" The paths to the future are not found but created"

Research and Development

We have undertaken a number of projects for the New Zealand Ministry of Research, Science and Technology which have contributed to government thinking on its involvement with research and development, especially with respect to the ownership of crown research institutes (CRIs) and on how research and development should be funded. In this section we feature three papers of particular and ongoing interest.

Devolution: A Think Piece 2005
This paper was prepared in 2005 to assist the Ministry of Research, Science & Technology in rethinking the relationship between government funding of science institutions and their capability and performance. It reviewed different international approaches to funding which suggested Government should place a stronger emphasis on the inherent capability of researchers and their institutions, rather than on scoring specific project proposals. The paper was a forerunner to the 2010 Crown Research Institute Task Force Report which picks up on similar themes.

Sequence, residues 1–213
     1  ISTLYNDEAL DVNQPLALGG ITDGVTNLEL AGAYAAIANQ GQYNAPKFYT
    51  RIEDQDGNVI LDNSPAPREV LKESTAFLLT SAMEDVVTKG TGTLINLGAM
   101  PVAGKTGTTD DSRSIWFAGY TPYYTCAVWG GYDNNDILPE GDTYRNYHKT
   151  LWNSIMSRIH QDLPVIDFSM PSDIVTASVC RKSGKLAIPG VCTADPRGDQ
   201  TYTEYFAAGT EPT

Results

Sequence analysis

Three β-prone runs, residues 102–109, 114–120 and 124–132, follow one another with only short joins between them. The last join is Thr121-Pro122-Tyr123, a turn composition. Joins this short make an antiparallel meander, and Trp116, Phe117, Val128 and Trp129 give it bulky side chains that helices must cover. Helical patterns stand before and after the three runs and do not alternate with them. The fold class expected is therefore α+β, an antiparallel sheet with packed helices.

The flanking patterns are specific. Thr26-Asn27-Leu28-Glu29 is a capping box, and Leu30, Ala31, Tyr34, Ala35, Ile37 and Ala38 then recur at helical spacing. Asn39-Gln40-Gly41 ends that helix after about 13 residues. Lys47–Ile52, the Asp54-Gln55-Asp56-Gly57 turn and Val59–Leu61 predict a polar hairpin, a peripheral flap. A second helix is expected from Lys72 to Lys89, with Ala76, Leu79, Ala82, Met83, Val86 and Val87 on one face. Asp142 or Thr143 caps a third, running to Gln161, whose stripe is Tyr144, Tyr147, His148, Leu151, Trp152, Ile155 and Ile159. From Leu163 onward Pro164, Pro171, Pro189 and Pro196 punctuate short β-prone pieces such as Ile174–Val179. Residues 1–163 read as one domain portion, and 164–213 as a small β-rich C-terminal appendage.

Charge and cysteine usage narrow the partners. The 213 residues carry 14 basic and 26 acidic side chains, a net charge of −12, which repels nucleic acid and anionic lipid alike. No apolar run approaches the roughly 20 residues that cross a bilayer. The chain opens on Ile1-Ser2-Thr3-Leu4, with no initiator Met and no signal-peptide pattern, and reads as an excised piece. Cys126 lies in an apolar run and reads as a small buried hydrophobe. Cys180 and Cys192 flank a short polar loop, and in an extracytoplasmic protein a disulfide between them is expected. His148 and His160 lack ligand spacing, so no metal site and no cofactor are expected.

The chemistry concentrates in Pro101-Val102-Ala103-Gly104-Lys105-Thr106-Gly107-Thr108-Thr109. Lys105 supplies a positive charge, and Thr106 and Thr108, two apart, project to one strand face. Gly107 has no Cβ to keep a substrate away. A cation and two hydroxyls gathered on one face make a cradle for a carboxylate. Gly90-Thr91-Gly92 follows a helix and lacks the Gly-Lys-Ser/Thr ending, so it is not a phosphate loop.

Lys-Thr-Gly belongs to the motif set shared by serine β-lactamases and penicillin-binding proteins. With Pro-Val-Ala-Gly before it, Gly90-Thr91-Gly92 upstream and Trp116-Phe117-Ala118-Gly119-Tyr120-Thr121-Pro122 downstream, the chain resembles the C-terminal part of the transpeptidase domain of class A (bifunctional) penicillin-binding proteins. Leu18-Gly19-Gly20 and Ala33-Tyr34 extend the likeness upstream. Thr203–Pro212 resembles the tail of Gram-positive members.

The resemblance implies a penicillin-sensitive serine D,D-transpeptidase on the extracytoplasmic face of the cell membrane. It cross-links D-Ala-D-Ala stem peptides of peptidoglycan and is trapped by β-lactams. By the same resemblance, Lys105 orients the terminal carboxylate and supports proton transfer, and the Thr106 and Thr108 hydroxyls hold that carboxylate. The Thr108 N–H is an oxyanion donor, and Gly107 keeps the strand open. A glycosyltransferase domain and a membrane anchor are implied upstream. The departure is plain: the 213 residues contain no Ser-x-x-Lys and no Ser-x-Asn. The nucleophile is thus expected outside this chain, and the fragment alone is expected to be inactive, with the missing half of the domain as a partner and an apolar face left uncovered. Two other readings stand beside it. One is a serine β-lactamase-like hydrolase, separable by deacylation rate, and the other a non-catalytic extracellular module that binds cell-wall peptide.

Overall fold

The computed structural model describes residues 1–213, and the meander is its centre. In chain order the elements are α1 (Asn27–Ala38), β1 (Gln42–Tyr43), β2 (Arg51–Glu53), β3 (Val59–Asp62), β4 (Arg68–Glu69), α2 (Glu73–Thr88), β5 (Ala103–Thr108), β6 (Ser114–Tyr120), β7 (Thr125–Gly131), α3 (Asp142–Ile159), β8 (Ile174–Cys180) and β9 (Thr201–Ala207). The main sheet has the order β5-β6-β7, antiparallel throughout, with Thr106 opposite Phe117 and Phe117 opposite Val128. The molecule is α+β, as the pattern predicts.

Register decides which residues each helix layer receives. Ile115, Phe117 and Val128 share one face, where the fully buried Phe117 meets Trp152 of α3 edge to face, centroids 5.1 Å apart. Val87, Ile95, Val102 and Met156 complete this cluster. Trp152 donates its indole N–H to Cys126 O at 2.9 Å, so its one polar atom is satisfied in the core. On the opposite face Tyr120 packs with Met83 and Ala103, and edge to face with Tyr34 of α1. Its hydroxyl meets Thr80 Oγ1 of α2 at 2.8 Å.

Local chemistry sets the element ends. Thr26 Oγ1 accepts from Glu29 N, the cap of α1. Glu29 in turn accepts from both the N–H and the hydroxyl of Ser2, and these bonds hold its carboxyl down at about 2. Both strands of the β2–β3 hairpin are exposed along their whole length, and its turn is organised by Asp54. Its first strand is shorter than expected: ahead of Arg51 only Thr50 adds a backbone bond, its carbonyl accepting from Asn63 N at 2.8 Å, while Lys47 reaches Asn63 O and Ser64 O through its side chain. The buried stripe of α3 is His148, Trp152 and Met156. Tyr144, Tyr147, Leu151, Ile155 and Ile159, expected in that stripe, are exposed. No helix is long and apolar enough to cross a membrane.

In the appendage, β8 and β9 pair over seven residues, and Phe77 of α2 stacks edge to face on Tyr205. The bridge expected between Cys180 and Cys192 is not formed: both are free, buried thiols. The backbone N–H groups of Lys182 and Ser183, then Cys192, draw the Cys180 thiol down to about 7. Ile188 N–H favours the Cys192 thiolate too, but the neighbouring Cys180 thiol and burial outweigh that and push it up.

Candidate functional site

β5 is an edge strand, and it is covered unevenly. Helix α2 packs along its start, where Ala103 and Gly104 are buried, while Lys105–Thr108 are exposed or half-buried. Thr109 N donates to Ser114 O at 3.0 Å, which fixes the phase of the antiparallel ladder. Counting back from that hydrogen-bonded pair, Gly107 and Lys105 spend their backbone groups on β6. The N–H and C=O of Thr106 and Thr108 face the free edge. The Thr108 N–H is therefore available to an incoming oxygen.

The paper also discusses a shift to a different approach: relational contracting which recognises that the purchaser and provider have a common interest in building an ongoing relationship and which relies on building trust. The key relationships may be at a governance, rather than (or as well as) at an operational, level.

Crown Research Institutes: Science Outcomes
This 2003 paper is the first of two papers prepared by MDL for the Ministry of Research, Science and Technology for MoRST as part of the Ministry’s "10 years on" appraisal. The focus is on different approaches to commercialisation and technology transfer and looks extensively at international experience.

Crown Research Institutes: Governance and Capability
This 2003 paper is the second of two papers prepared by MDL for the Ministry of Research, Science and Technology as part of the Ministry’s "10 years on" appraisal of the results from the early 1990s restructuring of government science. It considers the relationship between CRI governance, how the government managed its ownership interest, and the capability of CRIs as research institutions. It remains relevant today.


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